Monday 30 April 2018 10:57am
Hunger strikes, a little known science fiction genre, and the dark narrative behind a Hollywood blockbuster – these seemingly disparate topics, and more, are being explored in a range of fascinating theses and dissertations being undertaken at Otago by the latest cohort of Irish Studies postgraduate students.
The students’ research delves into a wide range of issues associated with literature, culture, civic and political life in Ireland and in the Irish diaspora.
Jared Smith’s coursework master’s dissertation examines hunger strikes as a tool for political protest between 1916 and 1981. He hopes to explore possible historical resonances with the Irish famines of the 17th and 18th centuries and to learn more about why this means of protest was both “divisive and effective”.
Iain Sutherland says his master’s thesis explores the New Zealand reception of Irish playwright Sean O’Casey’s early plays during the inter-war period.
For much of the time O’Casey was labelled “British”, a label that nullified the working-class, socialist and distinctly Irish themes of his plays, Iain says.
Greta Stacey’s Honours dissertation will offer a postcolonial reading of medical bioethics and embodiment in Patricia Grace's Baby No-eyes.
Orion Carey-Clarke’s master’s will investigate whether Irish playwright and producer Martin McDonagh – whose recent Three Billboards Outside Ebbing, Missouri garnered wide critical acclaim – portrays violence in a formulaic “Hollywood way” or whether his work is informed by Irish literary and cinematic traditions.
Professor Peter Kuch, the inaugural Eamon Cleary Professor of Irish Studies, says support from the Eamon Cleary Trust means that Irish Studies continues to attract top postgraduate students from around New Zealand and overseas, including Ireland, USA, Australia and the Middle East.
“Being able to offer scholarships for a third year means we can attract young scholars from a range of disciplines — history, literature, theatre and film — that characterize the ways Irish Studies is studied internationally.”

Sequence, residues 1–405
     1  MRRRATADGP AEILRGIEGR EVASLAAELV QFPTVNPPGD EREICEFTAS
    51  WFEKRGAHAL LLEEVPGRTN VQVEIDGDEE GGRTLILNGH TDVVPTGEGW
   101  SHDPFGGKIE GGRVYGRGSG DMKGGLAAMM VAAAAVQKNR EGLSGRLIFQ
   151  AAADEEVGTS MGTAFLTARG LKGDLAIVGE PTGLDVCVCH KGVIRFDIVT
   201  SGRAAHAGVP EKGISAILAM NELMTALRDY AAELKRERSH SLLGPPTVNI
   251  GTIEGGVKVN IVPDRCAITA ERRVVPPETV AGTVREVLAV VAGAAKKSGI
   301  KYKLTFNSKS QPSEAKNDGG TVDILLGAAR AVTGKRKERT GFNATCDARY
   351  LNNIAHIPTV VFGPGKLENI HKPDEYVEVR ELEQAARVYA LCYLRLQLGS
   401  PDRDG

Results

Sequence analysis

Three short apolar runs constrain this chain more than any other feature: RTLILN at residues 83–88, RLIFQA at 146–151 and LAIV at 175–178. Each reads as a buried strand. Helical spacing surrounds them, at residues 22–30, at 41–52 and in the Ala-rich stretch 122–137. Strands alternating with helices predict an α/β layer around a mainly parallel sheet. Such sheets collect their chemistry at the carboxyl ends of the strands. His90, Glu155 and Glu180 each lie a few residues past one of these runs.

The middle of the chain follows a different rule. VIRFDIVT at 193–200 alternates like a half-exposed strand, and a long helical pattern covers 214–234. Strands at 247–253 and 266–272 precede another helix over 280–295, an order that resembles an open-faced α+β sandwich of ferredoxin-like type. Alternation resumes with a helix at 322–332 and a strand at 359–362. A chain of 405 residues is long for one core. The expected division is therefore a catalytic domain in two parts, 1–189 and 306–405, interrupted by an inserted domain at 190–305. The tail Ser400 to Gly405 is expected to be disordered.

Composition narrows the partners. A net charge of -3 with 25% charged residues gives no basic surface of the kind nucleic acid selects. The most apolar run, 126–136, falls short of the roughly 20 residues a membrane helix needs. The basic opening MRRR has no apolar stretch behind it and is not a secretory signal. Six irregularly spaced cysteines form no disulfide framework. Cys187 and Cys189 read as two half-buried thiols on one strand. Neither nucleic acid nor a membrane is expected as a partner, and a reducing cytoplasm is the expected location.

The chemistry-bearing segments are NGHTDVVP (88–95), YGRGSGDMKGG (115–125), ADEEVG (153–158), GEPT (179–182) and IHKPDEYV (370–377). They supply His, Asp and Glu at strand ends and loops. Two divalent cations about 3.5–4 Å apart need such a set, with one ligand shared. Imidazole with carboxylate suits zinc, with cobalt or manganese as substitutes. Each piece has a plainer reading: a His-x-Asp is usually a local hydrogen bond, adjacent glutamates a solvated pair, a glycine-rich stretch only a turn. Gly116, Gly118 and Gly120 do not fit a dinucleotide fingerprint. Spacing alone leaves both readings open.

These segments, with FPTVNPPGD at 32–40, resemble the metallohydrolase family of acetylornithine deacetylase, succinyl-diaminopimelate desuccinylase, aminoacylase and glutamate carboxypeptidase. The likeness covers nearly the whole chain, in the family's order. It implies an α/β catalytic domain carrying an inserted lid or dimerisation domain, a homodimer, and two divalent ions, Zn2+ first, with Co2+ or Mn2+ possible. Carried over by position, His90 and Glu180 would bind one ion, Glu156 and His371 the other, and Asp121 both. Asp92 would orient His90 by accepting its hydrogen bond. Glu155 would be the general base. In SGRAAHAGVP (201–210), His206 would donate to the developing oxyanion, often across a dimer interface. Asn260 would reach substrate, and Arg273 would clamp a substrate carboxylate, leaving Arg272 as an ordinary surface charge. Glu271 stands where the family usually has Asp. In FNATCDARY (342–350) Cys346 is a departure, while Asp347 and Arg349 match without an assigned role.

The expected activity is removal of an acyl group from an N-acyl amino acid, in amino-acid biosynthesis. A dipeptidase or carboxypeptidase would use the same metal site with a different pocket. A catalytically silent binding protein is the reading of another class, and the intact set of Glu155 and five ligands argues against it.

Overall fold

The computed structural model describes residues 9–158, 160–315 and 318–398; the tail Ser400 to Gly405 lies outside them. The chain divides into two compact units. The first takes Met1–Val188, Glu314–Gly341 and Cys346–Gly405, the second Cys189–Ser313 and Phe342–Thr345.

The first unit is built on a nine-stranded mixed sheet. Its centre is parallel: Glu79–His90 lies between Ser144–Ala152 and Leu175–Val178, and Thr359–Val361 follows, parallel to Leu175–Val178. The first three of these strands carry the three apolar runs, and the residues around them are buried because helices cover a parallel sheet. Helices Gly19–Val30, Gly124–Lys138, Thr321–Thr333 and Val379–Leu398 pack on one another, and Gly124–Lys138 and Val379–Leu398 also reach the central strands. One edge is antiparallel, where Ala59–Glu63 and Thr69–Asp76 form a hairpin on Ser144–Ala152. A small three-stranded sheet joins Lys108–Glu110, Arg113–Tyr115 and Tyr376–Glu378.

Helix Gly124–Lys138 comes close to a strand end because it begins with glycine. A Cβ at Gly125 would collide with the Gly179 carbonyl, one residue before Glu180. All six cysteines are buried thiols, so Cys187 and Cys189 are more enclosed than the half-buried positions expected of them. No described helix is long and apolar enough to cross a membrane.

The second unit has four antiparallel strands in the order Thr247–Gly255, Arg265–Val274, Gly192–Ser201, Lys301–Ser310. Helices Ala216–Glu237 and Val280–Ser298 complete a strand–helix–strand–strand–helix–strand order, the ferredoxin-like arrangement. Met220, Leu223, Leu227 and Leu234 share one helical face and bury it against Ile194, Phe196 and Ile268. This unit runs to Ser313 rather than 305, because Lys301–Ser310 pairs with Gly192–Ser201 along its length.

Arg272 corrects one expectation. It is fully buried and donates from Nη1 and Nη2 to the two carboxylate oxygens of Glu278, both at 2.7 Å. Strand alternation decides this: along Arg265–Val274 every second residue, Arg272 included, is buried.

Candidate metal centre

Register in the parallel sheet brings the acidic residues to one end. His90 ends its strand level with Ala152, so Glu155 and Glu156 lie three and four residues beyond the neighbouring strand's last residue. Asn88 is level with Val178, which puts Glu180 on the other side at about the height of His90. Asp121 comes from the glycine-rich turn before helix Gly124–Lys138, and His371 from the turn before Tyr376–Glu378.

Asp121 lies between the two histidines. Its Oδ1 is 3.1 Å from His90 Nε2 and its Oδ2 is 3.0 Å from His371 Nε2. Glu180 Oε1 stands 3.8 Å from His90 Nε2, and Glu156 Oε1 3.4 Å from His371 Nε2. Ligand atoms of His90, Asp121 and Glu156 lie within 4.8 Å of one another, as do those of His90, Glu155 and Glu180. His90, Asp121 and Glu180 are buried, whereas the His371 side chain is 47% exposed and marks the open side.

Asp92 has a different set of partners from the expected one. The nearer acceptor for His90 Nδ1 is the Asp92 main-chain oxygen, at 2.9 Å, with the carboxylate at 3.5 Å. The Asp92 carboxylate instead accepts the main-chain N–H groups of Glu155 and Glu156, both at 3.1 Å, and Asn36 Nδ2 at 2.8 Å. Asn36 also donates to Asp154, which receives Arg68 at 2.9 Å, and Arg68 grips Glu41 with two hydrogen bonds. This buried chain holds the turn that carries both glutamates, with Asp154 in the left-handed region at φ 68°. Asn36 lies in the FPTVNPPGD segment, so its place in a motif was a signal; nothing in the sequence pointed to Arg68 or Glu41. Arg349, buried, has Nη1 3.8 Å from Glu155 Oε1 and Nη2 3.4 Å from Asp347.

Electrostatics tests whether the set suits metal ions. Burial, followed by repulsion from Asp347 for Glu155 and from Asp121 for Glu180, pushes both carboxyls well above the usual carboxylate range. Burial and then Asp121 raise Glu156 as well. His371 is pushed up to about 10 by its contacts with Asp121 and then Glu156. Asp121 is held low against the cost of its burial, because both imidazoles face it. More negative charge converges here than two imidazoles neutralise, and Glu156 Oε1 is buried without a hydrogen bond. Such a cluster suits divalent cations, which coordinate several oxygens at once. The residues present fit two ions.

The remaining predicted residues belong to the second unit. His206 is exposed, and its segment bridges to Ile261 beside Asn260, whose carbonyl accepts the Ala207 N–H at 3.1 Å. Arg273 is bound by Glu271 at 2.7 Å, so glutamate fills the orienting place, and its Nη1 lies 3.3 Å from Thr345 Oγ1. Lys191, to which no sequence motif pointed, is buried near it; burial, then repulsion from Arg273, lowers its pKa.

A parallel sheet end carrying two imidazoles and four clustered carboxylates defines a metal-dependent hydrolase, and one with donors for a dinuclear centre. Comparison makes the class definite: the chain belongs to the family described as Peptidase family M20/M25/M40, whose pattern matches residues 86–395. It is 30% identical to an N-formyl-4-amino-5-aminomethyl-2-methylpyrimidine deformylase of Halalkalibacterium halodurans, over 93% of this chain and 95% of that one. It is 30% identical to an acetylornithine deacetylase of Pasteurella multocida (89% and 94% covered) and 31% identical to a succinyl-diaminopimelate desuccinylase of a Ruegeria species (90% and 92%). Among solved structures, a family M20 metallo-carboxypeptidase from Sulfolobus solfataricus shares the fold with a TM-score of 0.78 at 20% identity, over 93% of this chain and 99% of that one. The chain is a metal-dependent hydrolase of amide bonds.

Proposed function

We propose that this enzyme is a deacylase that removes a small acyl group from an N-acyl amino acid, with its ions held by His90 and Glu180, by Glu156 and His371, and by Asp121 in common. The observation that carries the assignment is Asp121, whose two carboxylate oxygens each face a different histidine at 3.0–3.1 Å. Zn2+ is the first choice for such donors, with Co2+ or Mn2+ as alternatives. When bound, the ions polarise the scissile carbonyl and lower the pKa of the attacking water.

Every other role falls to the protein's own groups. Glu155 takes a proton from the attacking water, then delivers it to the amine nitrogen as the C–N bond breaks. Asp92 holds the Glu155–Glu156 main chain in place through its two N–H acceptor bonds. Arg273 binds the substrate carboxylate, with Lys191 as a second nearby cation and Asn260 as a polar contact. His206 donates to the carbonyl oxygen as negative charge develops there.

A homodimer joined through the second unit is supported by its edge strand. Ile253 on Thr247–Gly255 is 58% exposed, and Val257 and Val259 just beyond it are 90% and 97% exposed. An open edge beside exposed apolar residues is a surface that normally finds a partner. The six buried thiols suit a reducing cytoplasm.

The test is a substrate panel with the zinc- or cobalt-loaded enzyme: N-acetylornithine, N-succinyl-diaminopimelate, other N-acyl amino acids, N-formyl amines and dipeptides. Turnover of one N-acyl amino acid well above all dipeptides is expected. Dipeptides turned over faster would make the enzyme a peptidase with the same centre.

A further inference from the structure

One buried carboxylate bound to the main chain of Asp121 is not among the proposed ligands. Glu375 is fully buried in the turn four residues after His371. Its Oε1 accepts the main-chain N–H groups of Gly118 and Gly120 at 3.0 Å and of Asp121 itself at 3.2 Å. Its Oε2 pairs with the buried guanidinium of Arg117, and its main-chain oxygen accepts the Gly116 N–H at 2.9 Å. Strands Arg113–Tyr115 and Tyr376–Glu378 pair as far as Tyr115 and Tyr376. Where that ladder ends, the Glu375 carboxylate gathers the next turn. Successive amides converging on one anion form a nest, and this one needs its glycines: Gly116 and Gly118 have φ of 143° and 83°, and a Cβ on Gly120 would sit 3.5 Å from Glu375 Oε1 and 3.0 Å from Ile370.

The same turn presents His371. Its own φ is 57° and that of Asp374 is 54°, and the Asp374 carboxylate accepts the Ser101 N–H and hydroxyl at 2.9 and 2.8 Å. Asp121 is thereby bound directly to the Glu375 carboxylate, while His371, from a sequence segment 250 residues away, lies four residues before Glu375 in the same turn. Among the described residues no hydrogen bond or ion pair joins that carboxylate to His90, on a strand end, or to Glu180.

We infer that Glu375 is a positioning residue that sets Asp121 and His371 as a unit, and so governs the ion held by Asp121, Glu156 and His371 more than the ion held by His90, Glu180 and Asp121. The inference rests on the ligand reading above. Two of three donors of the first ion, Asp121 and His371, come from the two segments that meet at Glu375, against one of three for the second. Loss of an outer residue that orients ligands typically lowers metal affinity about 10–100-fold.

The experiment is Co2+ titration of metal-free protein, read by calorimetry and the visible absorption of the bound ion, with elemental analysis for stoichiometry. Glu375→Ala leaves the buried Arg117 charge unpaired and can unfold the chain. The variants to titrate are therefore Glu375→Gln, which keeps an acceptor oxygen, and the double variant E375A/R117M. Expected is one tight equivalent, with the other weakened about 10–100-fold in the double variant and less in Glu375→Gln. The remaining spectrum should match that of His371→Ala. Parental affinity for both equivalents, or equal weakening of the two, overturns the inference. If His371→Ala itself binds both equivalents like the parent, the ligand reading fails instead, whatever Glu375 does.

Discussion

Professor Kuch says the scholarships are a significant investment and the Centre for Irish and Scottish Studies is very grateful to the Trust for its generosity.
“Eamon Cleary was a staunch supporter of education and the University of Otago, and this continues to be a generous and inclusive way of expressing his gratitude to New Zealand,” he says.
Current Irish Studies postgraduate students are:
Leila Crawford (PhD); “Hallucinatory and Familiar”; Excavating Seamus Heaney’s landschop.
Orion Carey-Clarke (MA); Martin McDonagh and the Theatre of Violence.
James McCulloch (MA); Irish Science Fiction: A cultural and comparative study.
Iain Sutherland (MA); The reception of Sean O’Casey’s early works in New Zealand (1924-47).
Jared Smith (MA); Starving for Freedom: Irish Hunger Strikes (1916-1981)
Greta Stacey (Hons); Figuring Postcolonial Bioethics and Embodiment in Patricia Grace's Baby No-eyes.
ALUMNI FACT: Eamon Cleary started his career as a block-layer, established his first company at 17, and eventually owned one of the largest agriculture supply companies in Ireland. In 1996 he moved to New Zealand and invested in dairy farming and commercial development, and built a business empire that spanned half the globe. He passed away in 2012.
In 2006 the Irish billionaire invested in the establishment of the Chair in Irish Studies at Otago to provide national leadership in Irish Studies.
Otago has the largest Irish Studies programme in the southern hemisphere, offering an interdisciplinary study of the literature, history, film and theatre of the island of Ireland.
For the past three years the Centre has offered increased numbers of undergraduate and postgraduate scholarships, which are generously supported by the Eamon Cleary Trust.
While the papers in the Irish Studies minor have a focus on issues such as identity, ethnicity and 'nation building', and the history of their contestation, they also pay attention to Ireland's relationships with New Zealand, Europe and Australia.